Supporting and maximizing communication between individuals with intellectual disabilities and health care providers
Klassen, K.T. Kajsa.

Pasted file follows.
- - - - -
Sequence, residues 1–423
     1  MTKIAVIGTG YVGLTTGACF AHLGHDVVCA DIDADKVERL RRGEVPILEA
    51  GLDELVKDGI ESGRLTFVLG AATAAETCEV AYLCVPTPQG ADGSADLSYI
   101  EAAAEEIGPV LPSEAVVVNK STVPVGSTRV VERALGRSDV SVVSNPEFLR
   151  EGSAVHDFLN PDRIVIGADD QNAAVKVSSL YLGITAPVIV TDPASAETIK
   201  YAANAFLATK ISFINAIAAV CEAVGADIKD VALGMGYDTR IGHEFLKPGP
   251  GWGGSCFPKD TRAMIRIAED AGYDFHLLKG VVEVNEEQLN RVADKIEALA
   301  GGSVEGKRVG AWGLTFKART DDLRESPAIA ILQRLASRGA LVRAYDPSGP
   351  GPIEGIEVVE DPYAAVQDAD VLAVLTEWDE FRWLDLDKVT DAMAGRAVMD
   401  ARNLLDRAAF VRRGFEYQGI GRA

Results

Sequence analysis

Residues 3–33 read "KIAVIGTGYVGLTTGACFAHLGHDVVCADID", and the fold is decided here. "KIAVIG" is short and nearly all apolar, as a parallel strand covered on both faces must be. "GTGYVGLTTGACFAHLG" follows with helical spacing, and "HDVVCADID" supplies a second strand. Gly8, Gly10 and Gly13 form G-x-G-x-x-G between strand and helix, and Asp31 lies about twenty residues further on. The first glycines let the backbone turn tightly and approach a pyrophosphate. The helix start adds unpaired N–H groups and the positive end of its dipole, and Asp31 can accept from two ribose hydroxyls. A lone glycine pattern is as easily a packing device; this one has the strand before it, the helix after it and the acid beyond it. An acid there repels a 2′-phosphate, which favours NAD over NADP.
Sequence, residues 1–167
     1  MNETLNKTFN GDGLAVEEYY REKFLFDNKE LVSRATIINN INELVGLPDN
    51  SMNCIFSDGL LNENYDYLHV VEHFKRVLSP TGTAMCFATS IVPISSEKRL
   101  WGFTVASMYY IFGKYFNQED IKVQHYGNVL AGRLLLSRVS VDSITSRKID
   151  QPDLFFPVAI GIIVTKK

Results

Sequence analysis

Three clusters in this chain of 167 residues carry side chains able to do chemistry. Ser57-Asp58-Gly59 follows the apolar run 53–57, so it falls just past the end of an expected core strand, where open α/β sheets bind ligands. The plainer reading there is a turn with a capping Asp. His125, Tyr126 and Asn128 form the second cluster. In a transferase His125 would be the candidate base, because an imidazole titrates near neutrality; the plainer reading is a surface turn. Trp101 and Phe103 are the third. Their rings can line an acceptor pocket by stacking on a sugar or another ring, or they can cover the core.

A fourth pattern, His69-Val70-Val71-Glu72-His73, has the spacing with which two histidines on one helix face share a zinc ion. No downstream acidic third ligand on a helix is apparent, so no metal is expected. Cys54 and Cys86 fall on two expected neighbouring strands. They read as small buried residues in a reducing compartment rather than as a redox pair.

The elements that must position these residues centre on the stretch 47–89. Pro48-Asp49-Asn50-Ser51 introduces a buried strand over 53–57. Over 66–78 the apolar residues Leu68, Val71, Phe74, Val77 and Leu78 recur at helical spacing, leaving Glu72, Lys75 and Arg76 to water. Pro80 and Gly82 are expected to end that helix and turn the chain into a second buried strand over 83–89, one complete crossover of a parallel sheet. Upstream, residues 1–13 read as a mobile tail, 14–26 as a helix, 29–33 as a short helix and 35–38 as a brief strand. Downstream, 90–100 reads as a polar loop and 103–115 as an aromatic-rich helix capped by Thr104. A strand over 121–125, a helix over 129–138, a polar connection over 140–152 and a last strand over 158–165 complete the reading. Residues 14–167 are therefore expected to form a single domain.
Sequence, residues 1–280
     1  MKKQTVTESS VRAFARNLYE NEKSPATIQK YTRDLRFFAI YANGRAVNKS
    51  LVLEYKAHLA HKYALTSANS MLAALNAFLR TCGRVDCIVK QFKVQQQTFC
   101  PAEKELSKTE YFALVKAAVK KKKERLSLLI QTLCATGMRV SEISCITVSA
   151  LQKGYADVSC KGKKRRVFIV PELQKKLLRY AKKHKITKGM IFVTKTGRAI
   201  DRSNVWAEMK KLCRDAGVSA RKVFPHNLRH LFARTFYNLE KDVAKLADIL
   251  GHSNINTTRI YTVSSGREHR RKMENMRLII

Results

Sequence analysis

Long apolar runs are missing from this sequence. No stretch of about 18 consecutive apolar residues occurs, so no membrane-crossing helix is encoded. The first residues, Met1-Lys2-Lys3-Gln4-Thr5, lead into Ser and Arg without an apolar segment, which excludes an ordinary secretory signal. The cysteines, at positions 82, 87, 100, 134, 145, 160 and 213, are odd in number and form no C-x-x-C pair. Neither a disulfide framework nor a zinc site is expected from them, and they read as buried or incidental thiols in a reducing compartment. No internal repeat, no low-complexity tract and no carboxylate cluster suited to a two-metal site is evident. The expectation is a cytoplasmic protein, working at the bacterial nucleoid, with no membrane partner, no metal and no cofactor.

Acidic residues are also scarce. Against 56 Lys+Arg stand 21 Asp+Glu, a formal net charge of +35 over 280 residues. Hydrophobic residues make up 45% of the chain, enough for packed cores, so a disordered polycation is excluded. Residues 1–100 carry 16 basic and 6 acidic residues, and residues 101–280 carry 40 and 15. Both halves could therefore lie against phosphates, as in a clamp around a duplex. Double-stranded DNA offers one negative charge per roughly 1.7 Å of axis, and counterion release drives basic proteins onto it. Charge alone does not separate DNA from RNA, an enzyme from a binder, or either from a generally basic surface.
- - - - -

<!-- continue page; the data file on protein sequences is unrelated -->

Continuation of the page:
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The goal of the present study was to examine the barriers to access in health services faced by individuals with intellectual disabilities (ID), as well as the nature of communication between people with ID and those who are directly involved in supporting their health and well being. The study included in-depth interviews with five adults who have been identified as having ID and are supported by a community agency, five community agency support staff and four physicians who are specialists in supporting people who have ID. A qualitative content analysis approach facilitated the comparative exploration of key themes that each participant group saw as positive or negative influences on health care access and on effective health care communication. Themes drawn from the findings emphasize the unique roles each of these groups plays within the dialogical framework of the health care encounter. Of particular importance to informants was the issue of people with ID being seen as full participants in their own health care who, like all people, are unique individuals and not simply members of an identified or marginalized group. Participants across groups emphasized the need for the health care recipient to be known as an individual who is an expert in her/his own health and well being and, therefore, entitled to full participation with the support of but not control by others.